News APP

NewsApp (Free)

Read news as it happens
Download NewsApp

Available on  gplay  » News » 'Unity in diversity has helped us survive'

'Unity in diversity has helped us survive'

Last updated on: December 30, 2023 13:02 IST
Get Rediff News in your Inbox:

'The BJP is trying to change this mantra.'

Photograph: ANI Photo

On December 30, freedom fighter Dr G G Parikh, who was jailed during the 1942 Quit India movement and again during the Emergency, turns 100.

In a long interview capturing his life and times, GG, as he is called, spoke to Jyoti Punwani. In the second part of the interview, he talks about life after Independence, his work at the Yusuf Meherally Centre and his experiences during the Emergency. A must-read interview.


How long did the euphoria of Independence last, before disillusionment set in?

Our role during the freedom movement was so great that the euphoria remained a long time.

At the same time, personally I felt the leadership betrayed Gandhi. We had been told that after Independence, rulers would be the servants of the public. But they started imitating the British. That was the first betrayal.

It's not that we turned anti-Nehru, but we felt bad that Gandhi was forgotten so soon.

Even the development model was different from what Gandhi wanted. Nehru had always been in favour of big industry, unlike Gandhi.

At that time, Socialists were not opposed to industrialisation. For us, ownership was important. We assumed that as long as industries are nationalised, things will automatically change. History was on our side, we thought, samaajwaad annewala hai. Agriculture, industry, then the service sector -- these were the stages of development according to Socialism too.

What we forgot was that this was not a God-given rule, but a man-made one. It could be changed had we had the will. In the tussle between will and matter, matter prevailed, while for Gandhi, will always prevailed.

We realised that just because ownership changes, it doesn't mean that man also changes. That's one of the reasons I concluded that Gandhi's method -- of changing people -- was correct.

But you did try an alternate model of development at the Yusuf Meherally Centre at Tara.

At the Centre, we studied urbanisation and concluded that in the Third World, the problems of the city could only be solved in the hinterland. 50% of the urban population in all Third World countries live in slums, so you have to find a way that slums don't come into being.

But the type of urbanism that was being promoted to build a market for the West would never allow cities to be slum-free, hence rural development was a must.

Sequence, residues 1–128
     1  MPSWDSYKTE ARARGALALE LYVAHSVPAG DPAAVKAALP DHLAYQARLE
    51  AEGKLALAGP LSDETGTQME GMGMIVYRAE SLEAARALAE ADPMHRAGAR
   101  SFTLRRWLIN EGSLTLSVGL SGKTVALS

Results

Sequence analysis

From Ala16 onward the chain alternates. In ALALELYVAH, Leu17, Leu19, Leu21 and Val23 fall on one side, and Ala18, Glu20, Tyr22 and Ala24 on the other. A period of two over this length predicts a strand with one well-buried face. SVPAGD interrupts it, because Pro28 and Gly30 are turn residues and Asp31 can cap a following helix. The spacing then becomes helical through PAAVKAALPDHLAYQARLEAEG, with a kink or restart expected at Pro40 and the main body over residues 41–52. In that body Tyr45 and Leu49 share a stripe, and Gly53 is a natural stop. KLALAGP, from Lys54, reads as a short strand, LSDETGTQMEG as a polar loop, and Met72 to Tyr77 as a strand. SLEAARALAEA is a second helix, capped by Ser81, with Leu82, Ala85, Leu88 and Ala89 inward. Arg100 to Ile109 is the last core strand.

We realised that the pattern of economic development adopted by us would not generate jobs for rural people. We had to go back to Gandhi; deploy local resources.

At Tara, we experimented a lot. We promoted alternate building materials -- at that time, Laurie Baker was very popular; we tried to solve the problems of small and marginal farmers. We got S A Dabholkar (educationist and agriculture researcher) to help. A new experiment was done to enable a farmer owning just one-fourth acre of land to live a decent life. We started organic farming.

We set up a dairy. Realising it was too expensive to maintain exotic breeds of cattle, we experimented to find out whether a dairy could be kept going with the help of cow dung. We implemented `waste to wealth' and set up a bio gas plant.

We did all this decades ago!

For non-farm employees, we tried to see if village industries could work. But markets for the goods produced became a problem.

IMAGE: A session in progress at the Yusuf Meherally Centre, Tara. Photograph: Kind courtesy Yusuf Meherally Centre, Tara/Facebook

Were funds a problem?

Initially, we thought we'd take just enough to run the place. That was Gandhi's influence on us.

Later, we started collecting more funds, but without compromising. A German who used to help us offered to become a donor if we stopped village industries. That's when we decided we'd rather forego his help and raise our own income.

Was there any resistance from the villagers to you town people coming there?

Not resistance, but we encountered problems.

There were a lot of bonded labourers when we started work. We worked with them, but that antagonised the farmers for whom they worked.

We worked among women. We trained 100 women for a year, telling them you need to be self-sufficient. But when we started a small industry, only 9 of them signed up and then only 3 came!

Our experiment trying to get Adivasi workers to stop working long hours at brick kilns and instead, work for us, also didn't quite work out. We finally realised that we shouldn't work for a section, but for everybody.

Then there were cultural practices of the villagers. To get over them was hard work. We realised that rural society is divided, but becomes one against outsiders. To get acceptance for our urban volunteers required a lot of effort.

But we kept learning. For instance, the collector gave us a dilapidated dharamshala for medical work. We took it, but in the name of the panchayat. We decided that whatever we do, the ownership should be local. That helped.